GLOBAL FINANCIAL STABILITY REPORT
Policymakers Should Encourage Economic Risk Taking, Keep Financial Excess Under Control
October 8, 2014
- Stability risks are shifting to shadow banks
- Revamp bank business models to support growth
- Address rising liquidity risks in credit markets
Policymakers are facing a new global imbalance: not enough economic risk-taking in support of growth, but growing excesses in financial risk-taking, which pose challenges to financial stability, according to the International Monetary Fund’s latest Global Financial Stability Report.
Six years after the start of the financial crisis, the global recovery continues to rely heavily on accommodative monetary policies in advanced economies. This has helped economic risk-taking in the form of higher investment and employment by firms, and higher consumption by households. But the impact has been too limited and uneven. Things look better in the United States and Japan, but less so in Europe and in emerging markets.
At the same time, a prolonged period of low interest rates and other central bank policies has encouraged the buildup of excesses in financial risk-taking. This has resulted in elevated prices across a range of financial assets, credit spreads too narrow to compensate for default risks in some segments, and, until recently, record-low volatility, suggesting that investors are complacent. What is unprecedented is that these developments have occurred across a broad range of asset classes and across many countries at the same time.
“The best way to address the new global imbalance between economic and financial risk-taking is to adopt policies that transmit the benefits of monetary policy to the real economy, and to address financial excesses through well-designed micro- and macroprudential measures,” said José Viñals, Financial Counsellor and head of the IMF’s Monetary and Capital Markets Department.
Banks need a new fitness regime
Banks hold significantly more capital than before the crisis, but many institutions do not have a sustainable business model that can support the recovery.
The report analyzed 300 large banks in advanced economies—which comprise the bulk of their banking system—and found that banks representing almost 40 percent of total assets are not strong enough to supply adequate credit in support of the recovery. In the euro area, this proportion rises to about 70 percent.
These banks will need a more fundamental overhaul of their business models, including a combination of repricing existing business lines, reallocating capital across activities, consolidation, or retrenchment. In Europe, the comprehensive review of bank balance sheets by the European Central Bank provides a strong starting point for these much-needed changes in bank business models.
Risks are moving to the shadows
Financial stability risks are shifting from the banking system to less-regulated shadow banks. For example, credit-focused mutual funds and exchange traded funds have seen massive asset inflows, and have collectively become among the largest owners of U.S. corporate and foreign bonds.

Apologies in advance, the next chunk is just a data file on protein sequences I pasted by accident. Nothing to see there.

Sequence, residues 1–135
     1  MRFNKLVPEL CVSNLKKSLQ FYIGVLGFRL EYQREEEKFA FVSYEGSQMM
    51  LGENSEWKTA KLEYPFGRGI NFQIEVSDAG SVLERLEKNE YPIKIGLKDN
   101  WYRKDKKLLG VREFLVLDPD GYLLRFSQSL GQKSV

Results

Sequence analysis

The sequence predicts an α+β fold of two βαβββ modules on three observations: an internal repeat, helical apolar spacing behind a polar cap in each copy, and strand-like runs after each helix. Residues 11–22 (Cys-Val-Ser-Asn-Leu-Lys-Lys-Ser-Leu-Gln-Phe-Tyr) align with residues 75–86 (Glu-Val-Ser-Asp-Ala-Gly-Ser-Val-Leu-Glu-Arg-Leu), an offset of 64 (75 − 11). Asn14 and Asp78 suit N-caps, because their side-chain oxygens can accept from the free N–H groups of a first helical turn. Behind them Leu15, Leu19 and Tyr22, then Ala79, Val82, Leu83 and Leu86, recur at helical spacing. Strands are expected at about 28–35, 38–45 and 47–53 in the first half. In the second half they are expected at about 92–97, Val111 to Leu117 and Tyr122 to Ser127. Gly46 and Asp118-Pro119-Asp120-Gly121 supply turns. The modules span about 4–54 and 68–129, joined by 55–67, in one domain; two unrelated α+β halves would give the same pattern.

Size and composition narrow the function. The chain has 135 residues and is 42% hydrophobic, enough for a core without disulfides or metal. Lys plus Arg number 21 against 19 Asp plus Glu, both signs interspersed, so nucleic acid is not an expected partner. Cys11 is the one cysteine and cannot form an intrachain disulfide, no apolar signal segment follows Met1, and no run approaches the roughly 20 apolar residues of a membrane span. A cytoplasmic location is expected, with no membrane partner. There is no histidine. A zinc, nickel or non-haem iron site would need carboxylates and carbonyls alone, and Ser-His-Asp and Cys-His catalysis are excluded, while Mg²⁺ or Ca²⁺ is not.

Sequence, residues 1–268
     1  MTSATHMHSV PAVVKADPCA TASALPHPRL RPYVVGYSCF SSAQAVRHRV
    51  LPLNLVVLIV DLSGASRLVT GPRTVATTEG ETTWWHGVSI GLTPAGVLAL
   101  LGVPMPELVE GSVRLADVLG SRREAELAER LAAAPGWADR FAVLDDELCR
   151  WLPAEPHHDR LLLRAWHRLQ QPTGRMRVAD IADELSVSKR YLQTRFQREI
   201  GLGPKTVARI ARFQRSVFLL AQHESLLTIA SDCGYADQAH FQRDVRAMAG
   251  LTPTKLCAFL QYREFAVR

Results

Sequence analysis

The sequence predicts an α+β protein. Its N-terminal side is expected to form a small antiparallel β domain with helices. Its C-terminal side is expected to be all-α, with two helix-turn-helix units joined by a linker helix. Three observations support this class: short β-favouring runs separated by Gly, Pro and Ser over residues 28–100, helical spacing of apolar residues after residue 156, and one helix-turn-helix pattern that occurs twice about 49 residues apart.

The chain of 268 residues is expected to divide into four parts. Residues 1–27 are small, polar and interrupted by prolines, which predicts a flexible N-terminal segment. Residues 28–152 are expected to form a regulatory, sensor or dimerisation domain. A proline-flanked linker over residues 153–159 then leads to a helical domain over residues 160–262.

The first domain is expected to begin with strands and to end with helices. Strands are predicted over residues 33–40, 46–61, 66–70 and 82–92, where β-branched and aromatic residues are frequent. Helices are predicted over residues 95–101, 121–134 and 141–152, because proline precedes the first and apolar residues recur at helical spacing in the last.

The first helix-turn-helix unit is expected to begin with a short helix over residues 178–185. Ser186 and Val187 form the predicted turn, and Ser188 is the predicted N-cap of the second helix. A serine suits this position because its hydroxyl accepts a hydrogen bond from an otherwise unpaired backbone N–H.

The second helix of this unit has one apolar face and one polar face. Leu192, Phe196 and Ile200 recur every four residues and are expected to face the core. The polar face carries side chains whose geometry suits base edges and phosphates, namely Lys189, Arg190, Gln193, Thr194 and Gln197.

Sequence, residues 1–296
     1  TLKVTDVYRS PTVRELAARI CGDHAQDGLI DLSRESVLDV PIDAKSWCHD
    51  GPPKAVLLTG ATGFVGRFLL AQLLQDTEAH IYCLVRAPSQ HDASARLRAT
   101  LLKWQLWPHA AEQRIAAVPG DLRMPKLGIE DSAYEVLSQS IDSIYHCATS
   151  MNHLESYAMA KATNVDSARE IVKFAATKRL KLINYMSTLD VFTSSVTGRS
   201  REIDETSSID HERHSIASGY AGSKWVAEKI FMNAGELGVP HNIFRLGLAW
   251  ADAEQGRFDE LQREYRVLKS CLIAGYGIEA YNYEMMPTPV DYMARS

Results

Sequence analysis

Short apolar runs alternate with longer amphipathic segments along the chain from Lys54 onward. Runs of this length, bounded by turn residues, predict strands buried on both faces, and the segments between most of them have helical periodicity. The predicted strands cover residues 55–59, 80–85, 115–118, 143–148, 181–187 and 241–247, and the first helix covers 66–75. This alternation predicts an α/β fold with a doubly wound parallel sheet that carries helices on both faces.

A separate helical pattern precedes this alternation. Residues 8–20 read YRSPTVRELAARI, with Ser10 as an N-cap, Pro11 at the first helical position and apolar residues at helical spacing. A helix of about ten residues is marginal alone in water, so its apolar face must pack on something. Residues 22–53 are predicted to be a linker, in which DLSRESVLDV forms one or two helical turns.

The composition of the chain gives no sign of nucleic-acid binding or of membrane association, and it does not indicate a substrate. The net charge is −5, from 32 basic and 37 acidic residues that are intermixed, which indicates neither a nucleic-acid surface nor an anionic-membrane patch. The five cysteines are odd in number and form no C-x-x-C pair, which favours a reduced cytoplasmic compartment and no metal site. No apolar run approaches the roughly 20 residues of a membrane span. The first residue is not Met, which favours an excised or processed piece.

“The problem is that these fund inflows have created an illusion of liquidity in fixed income markets,” said Viñals. “The liquidity promised to investors in good times is likely to exceed the available liquidity provided by markets in times of stress.”
This mismatch is driven by the growing share of relatively illiquid assets held by credit mutual funds. It is a potentially powerful amplifier that could exacerbate pressures on credit funds in times of stress.
Spillovers could be global
Emerging markets have grown in importance as a destination for portfolio investors from advanced economies. These investors now allocate more than $4 trillion, or about 13 percent of their total investments, to emerging market equities and bonds—this share has doubled over the past decade. Because of these closer financial links, shocks emanating from advanced economies will propagate more quickly to emerging markets.
The increasing global synchronization of asset prices and volatilities, combined with rising market and liquidity risks in the shadow banking sector, could amplify the impact of shocks on asset prices. This may result in sharper price falls and more market stress.
Such an adverse scenario would hurt the global economy and, at the limit, could even compromise global financial stability. This chain reaction could be triggered by a wide variety of shocks, including geopolitical flare-ups, or a “bumpy” normalization of U.S. monetary policy.
Financial policies are key
Financial policies can help address the new global imbalance between economic and financial risk-taking.
First, to help economic risk-taking further, banks need to fundamentally adjust their business models to help improve the flow of credit to the economy. Safe sources of credit, outside the banking sector, should also be promoted, though this needs to be accompanied by effective regulation to avoid the build-up of future risks.
Second, policymakers need to design and implement a range of micro- and macroprudential policies to address financial excesses that can threaten stability. For example, greater oversight is needed of asset managers to ensure that redemption terms are better aligned with underlying liquidity conditions. More comprehensive monitoring and reporting of leverage in nonbank sectors and in emerging market companies would also help identify potential vulnerabilities.
Finally, policymakers must have the data necessary to monitor the build-up of financial stability risks. They must prepare to ensure they have the statutory authority and analytical capacity to use their macroprudential tools. Policymakers must also have an explicit mandate to act when needed and, equally important, the courage to act even if measures are highly unpopular.